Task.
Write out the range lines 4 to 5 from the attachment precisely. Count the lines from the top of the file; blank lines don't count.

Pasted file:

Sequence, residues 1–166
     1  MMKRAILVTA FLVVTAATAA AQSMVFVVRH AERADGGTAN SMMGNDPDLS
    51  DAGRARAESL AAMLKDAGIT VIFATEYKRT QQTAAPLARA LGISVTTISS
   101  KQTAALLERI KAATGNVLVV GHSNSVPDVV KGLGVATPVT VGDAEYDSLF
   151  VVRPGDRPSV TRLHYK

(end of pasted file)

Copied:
   101  KQTAALLERI KAATGNVLVV GHSNSVPDVV KGLGVATPVT VGDAEYDSLF
   151  VVRPGDRPSV TRLHYK